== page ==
'We do way more than driving directions': The evolution of Google Maps and plans for Singapore users
Google Maps will soon roll out eco-friendly directions in Singapore, which will provide users with an optimised route for lower petrol consumption.
SINGAPORE: It is used all over the world by people of different ages, different ethnicities and different nationalities.
But the importance of "local nuances" is not lost on Google's Head of Geo Christopher Phillips. And this is key when Google Maps rolls out eco-friendly routing to users in Singapore, he said.
With eco-friendly routing, Google Maps will show users the fastest route and the one that's most fuel-efficient. The feature has already been rolled out in the US and several European countries.
Mr Phillips leads both product and engineering for the Geo team, which is responsible for products like Google Maps and Google Earth. He did not say when eco-routing would be available in Singapore, but said it was a "matter of time".
"We thought it was really important that before we launch it, we recognise some of the local nuances. So even though we're building a global product and a lot of the algorithm and capabilities when we bring it here to Singapore - which we will - we want to actually take that and apply the information that we know that's more local," he said.
"There's a lot of factors that go into a proper calculation of your eco-route, including the climate, including the elevations, including the stop and start information around the trip. So we want to really make sure we get that right."
At the same time, Mr Phillips pointed out that Singapore has been an "important role model" on how to think about transportation and planning.
It's not just about the size of the population, but where innovation and forward-thinking are happening and can inspire change in other locations, he said.
DEMAND FOR CYCLING ROUTES
Late last year, Maps unveiled its new cycling navigation feature in Singapore, which spans 6,800km of cycling trails and biking directions. Singapore is the first country in Southeast Asia where users can make use of this feature.
This was in part brought about by demand for cycling routes locally. In Singapore, Google saw a huge spike in searches for cycling routes last year, rising 75 per cent from 2020 and 400 per cent from 2019.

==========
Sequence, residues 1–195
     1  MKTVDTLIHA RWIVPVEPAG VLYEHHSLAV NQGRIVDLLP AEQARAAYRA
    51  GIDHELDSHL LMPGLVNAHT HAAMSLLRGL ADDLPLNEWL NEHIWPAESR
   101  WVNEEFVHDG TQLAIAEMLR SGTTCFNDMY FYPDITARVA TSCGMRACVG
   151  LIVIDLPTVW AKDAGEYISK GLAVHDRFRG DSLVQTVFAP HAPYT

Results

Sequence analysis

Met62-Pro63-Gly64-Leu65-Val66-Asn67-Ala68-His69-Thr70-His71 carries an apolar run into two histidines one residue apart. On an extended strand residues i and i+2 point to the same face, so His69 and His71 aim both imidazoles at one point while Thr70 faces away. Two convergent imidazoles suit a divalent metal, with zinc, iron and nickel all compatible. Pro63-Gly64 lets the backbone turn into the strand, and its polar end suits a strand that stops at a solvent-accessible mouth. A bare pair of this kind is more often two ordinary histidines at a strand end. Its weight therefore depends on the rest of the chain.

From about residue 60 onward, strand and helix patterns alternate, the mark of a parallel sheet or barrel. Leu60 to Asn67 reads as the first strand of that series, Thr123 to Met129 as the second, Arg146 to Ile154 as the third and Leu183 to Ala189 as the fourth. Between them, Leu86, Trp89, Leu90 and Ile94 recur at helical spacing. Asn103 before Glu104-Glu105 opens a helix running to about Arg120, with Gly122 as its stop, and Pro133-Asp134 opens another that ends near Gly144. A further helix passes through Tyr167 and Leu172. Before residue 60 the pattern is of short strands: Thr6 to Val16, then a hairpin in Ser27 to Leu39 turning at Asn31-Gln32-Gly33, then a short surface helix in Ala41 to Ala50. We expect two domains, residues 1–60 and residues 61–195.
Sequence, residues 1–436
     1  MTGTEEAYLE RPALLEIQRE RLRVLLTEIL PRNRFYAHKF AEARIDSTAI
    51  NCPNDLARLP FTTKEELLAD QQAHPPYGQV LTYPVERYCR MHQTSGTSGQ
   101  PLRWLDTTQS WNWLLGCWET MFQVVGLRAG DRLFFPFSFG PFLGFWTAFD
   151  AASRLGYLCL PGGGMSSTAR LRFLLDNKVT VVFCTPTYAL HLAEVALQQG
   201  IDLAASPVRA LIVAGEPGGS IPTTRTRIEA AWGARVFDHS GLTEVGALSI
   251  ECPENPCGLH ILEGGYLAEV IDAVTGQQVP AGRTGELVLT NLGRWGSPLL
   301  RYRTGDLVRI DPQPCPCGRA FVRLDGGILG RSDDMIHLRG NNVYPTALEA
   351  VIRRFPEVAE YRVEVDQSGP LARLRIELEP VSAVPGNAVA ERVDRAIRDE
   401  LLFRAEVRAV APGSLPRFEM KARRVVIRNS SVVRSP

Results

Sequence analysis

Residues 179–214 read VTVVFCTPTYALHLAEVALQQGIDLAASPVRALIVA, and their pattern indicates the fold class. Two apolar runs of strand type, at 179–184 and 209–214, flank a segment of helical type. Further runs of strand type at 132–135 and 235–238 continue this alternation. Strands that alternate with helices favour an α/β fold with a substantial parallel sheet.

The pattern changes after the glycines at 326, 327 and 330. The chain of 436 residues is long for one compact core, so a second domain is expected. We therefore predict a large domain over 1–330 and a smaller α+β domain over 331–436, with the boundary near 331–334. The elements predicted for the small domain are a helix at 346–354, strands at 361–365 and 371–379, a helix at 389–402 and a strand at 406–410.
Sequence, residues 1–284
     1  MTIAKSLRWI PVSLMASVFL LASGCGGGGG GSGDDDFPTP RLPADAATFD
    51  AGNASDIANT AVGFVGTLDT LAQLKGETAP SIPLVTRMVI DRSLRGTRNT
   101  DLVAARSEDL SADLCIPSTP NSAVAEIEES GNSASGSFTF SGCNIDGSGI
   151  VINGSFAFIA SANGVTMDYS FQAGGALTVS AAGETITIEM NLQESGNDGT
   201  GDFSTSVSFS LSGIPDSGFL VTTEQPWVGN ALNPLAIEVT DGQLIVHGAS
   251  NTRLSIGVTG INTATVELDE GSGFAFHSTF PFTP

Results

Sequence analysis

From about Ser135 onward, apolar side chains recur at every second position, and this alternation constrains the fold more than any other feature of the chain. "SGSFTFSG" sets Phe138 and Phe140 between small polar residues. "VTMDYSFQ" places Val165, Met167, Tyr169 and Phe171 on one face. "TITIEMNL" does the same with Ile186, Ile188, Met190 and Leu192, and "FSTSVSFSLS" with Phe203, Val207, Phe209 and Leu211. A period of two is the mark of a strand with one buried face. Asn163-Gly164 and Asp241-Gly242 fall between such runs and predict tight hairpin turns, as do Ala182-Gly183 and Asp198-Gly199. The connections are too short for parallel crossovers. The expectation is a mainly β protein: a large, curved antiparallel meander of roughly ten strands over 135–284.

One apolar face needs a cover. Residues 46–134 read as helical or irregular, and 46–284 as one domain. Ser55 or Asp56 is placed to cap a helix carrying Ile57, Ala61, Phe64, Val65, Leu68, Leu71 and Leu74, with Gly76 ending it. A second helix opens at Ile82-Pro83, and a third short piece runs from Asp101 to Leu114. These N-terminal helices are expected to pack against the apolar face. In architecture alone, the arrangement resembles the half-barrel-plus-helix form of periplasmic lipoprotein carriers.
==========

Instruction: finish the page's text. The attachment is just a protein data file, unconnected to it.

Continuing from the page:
Google Maps has a "vibrant, active" user base of cyclists in Singapore, which helps the company prioritise where it can do more, said Mr Phillips.
"The more usage that we have, we can keep improving it. Because we can look at the information of how the route was successful, what we learned and that keeps making it better for everybody."
On top of user interface changes, routes are also constantly being updated and optimised, he said. New information such as route elevation has also been added.
Feedback from cyclists as well as the authorities is extremely helpful, he said.
“How successful were they in the route? How close was our expected time of arrival to what we promised?
"More and more cities around the world - and Singapore is a great example - are investing in more safe cycling routes. We have a role we can play with the public officials as they're trying to encourage more cycling."
Mr Phillips is keen to point out that Maps is not only a navigation tool for drivers.
“We do way more than driving directions ... We have great walking directions and great cycling (directions)," he said.
"What's been really nice about all these sustainability features is the governments and the public authorities wanting to work with us. It's great, because we really do need it to be a partnership for it to be successful," he added.
Looking ahead, Maps aims to provide a more immersive experience for users, said Mr Phillips.
Earlier this year, Google announced that "immersive view", which allows users to see multi-dimensional views of an area with information like the weather, traffic and busyness layered on top, will be rolled out soon to Maps. More recently, Maps also launched 250 photorealistic aerial views of global landmarks.
"We're putting together satellite imagery, aerial imagery, street view imagery combined with user photos, and we're fusing it together to build like a photorealistic view of what a place is like," said Mr Phillips.
Immersive view on Google Maps will let users explore and understand the vibe of a place before going there. (Video: Google)
"It really goes beyond what we call a two-dimensional map of the world where you can drop in and see photos, which is kind of how we work today, to almost bringing it to life where ... (it is) like you're walking around before you go."
It will be rolled out in the coming months in Los Angeles, London, New York, San Francisco and Tokyo on Android and iOS.
Immersive view allows people to better visualise things and is expected to be popular with younger users, said Mr Phillips.
"They really appreciate the visuals. We've always had really good text … but now the addition of this really cool large-scale visual imagery that feels like: 'Hey, the community of people doing reviews are contributing'," he added.
"This highly visual experience is not just a pandemic thing, it's actually the future."